A 200-1 long shot that ran like a 2-1 favourite caused one of the biggest upsets at Terang’s first race meeting of the 2017/18 season.
Seven year-old gelding Real Finniss, ridden by Kassie Furness, stormed home in the last race of the day to win by three lengths ahead Matthias.
It was one of the biggest boilovers of recent time, with the Deanne Taylor trained runner securing just its second win in 40 starts.
It was the last of ten races on Monday, with a large number of nominations leading to the addition of two extra races of what was originally an eight race program.
Terang and District Racing Club president Wayne Johnstone, who owned the winner of the second race, Dash of Pash, said Monday’s meeting was a ‘fantastic’ start to a bumper season.
He said the ten races showcased to the industry that Terang has a good reputation amongst trainers, owners and jockeys alike.
“Ten races these days is a rarity and Terang seems to have people prepared to come here and race,” Johnstone said.
“We had 370 nominations, which is fantastic.”
Johnstone said that the track fared well after the weekend’s weather, starting the day a soft five before being upgraded to a good four after race seven.
“After all the weather predictions and catastrophic weather events that were forecast, the track has come up a treat,” he said.
“It’s raced perfectly.”
Winners across the day included a mixture of both Melbourne and locally trained horses, something that Johnstone said further emphasised Terang’s ability to attract quality fields.
“The winners have come from leading stables around the district, so it’s well supported by the Melbourne stables as well as the stronger local stables,” Johnstone said.
The opening race was taken out by the Linda Meech aboard the Dan O’Sullivan trained Truly Discreet, narrowly beating Last Light.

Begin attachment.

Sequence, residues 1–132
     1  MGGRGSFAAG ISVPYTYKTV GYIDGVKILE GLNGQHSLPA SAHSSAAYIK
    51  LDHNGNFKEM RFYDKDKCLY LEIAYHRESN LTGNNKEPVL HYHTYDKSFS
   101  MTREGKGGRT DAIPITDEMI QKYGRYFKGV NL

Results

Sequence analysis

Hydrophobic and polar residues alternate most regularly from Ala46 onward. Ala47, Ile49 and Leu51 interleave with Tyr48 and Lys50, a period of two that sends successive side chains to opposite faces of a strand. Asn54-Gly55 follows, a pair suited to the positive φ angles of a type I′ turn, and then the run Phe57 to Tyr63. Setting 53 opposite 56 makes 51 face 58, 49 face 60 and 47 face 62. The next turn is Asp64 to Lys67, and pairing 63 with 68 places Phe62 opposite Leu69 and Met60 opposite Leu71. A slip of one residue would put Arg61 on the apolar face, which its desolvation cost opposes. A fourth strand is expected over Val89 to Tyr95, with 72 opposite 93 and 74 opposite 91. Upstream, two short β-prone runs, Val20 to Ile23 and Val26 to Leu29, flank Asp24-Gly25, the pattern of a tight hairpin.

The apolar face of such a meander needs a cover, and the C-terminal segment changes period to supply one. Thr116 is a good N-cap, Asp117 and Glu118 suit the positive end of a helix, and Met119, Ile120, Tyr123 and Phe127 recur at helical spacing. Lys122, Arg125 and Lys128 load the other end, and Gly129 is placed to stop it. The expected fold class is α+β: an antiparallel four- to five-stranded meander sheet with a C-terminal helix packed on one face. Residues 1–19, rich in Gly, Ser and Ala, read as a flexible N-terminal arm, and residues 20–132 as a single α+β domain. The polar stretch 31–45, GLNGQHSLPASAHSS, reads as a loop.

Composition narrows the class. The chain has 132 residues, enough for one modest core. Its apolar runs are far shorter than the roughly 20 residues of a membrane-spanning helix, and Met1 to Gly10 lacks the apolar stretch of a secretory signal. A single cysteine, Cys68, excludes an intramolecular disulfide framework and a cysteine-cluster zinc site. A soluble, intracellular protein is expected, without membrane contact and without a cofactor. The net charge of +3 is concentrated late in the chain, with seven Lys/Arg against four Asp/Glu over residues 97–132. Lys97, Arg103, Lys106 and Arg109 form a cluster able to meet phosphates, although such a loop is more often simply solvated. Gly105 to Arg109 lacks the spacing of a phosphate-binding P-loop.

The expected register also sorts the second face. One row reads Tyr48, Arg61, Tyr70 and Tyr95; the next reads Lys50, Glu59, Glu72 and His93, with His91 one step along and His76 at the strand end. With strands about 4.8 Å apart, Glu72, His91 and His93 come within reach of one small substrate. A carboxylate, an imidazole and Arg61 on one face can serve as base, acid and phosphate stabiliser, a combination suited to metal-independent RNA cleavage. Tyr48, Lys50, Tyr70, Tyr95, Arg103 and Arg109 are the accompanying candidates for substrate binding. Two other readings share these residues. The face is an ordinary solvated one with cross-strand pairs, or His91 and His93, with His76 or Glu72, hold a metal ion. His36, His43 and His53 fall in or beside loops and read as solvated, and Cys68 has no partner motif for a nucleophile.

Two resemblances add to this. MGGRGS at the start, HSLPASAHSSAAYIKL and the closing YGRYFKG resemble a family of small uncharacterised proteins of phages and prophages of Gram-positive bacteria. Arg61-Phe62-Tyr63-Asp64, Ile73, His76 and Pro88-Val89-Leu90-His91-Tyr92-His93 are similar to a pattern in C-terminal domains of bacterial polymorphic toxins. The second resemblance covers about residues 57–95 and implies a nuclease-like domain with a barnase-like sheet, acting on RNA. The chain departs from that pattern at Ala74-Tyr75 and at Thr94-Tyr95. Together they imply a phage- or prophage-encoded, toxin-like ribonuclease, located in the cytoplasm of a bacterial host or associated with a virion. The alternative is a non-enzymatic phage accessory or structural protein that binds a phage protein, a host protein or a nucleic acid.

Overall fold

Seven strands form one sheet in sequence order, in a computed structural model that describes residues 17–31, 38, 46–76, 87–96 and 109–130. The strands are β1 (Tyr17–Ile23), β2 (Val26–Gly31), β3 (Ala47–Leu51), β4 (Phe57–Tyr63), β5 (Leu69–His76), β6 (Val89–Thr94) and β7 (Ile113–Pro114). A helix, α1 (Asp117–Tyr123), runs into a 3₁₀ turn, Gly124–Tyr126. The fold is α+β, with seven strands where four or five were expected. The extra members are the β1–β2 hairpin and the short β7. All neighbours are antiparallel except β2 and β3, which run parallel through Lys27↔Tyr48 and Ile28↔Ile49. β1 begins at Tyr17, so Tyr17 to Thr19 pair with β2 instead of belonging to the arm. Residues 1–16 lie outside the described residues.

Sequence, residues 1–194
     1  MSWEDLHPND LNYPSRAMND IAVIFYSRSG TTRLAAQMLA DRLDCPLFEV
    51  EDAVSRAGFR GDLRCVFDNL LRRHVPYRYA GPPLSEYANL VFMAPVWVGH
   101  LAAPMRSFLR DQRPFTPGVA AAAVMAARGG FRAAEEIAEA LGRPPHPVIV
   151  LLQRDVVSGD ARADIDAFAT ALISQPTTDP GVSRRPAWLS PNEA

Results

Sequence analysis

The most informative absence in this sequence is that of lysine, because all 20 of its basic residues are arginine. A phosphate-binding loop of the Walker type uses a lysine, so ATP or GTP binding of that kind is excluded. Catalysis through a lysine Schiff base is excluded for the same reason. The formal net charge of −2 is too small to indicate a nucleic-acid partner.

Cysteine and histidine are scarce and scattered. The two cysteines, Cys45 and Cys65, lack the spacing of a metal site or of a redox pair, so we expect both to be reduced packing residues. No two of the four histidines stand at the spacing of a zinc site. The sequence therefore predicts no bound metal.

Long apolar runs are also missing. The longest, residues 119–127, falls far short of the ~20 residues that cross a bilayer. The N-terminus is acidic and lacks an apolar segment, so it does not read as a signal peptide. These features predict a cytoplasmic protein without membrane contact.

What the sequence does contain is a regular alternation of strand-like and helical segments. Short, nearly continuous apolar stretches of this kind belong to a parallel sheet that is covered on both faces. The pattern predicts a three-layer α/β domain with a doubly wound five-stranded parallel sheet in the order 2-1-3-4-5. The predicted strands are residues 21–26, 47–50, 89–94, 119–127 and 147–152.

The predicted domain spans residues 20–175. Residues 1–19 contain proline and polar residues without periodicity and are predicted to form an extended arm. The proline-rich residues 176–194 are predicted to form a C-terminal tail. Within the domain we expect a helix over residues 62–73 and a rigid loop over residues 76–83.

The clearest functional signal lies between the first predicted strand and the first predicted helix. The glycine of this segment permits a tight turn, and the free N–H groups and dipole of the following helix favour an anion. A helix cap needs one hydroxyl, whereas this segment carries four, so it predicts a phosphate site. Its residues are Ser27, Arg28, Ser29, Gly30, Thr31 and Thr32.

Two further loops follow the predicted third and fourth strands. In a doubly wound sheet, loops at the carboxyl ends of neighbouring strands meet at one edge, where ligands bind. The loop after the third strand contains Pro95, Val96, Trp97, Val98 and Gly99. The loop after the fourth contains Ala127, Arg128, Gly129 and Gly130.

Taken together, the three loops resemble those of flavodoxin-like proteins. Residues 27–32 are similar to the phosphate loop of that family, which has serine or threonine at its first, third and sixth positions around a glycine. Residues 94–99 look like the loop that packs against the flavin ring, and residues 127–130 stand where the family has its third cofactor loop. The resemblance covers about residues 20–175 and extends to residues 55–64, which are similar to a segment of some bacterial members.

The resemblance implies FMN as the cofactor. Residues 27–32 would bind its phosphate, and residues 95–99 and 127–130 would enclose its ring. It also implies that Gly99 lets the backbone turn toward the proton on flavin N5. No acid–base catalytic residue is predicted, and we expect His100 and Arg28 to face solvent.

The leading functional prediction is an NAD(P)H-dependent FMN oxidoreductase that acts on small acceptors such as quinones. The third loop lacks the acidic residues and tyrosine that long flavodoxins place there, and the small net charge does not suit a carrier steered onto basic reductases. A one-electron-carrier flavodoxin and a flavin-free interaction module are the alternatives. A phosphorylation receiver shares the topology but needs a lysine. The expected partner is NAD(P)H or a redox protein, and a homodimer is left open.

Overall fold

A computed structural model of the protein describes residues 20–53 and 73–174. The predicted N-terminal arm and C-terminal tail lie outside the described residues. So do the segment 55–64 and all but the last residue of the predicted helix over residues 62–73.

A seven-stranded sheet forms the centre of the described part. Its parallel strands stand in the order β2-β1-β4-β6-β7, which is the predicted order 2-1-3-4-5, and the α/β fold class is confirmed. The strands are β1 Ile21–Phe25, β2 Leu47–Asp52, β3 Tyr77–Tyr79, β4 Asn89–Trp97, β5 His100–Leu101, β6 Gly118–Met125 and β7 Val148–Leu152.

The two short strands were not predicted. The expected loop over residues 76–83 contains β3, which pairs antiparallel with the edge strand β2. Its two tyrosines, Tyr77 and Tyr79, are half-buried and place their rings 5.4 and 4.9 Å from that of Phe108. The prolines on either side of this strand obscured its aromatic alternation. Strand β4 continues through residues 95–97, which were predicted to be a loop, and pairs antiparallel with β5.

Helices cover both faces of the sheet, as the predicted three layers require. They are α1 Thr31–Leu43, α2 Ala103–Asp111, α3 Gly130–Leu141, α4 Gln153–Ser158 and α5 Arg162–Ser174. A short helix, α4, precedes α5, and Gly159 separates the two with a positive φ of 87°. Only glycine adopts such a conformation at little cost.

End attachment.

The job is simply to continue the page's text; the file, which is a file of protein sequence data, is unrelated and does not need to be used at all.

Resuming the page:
Dash for Pash took out the second by over two lengths, with the Symon Wilde trained mare registering its first win for connections.
Damien Thornton rode 20-1 chance Lady Magnus to victory ahead of Sea of Stars in the 1000 metre maiden plate, the third race of the day.
Aaron Purcell took out the other 1000 metre maiden, when his horse Hampton Classic saluted in race four to give Meech a double.
In race five, You Would Think, trained by Warrnambool’s Matthew Williams, finished 1.25 lengths ahead of another Warrnambool trained runner, Wessels.
Geoff Daffy’s Aurora Rising raced strongly in the latter stages of race six to finish second, a length and half behind Greywolf of Caulfield trainer Mick Price’s stable.
Dean Yendall rode Darren Weir’s Our Chiquilla to a narrow victory in the seventh race, with Weir’s Warrnambool foreman, Jarrod McLean, training the second placed, Simply Splashing.
McLean followed up his second placing with a win when Del Piero beat home Mandjar by 0.75 lengths over 1000 metres in the next race.
Tommy Standup led from start to finish in the second last race to give both Wilde and Andrew Mallyon a double for day, with the jockey guiding the four year-old home by 1.75 lengths ahead of Call Me Nova.
The club also hosted trials on Tuesday, with Johnstone saying over 240 horses had ran at the track across the two days.
The club will now turn its attention to its New Year’s Day meeting, with officials hopeful of a big crowd attending the day.
“The New Year’s races are a great local day, we aim to get somewhere between 1500 and 2000 people here,” Johnstone said.
“We’re scheduled to host six races.”
In another boost for the club, Terang is set to host jumps racing for the first time in over a decade.
Two races run over 3200 metres on the course proper have been scheduled for one of their meetings next year.
The decision for the jumps to return came after the club hosted trials in May earlier this year, with the club receiving positive reviews from trainers and connections.
Johnstone commended the work of his committee in their efforts to get jumps racing back at Terang.
“We’ve been trying for a couple of years to apply for jumps racing through the Australian Jumps Racing Association,” he said.
“Trying to get a date has been hard but at our March 23 meeting next year we will have two jumps races, a maiden hurdle and benchmark 120 jumps race.
“Most of the committee are passionate and really behind the return, so we look forward to it happening.”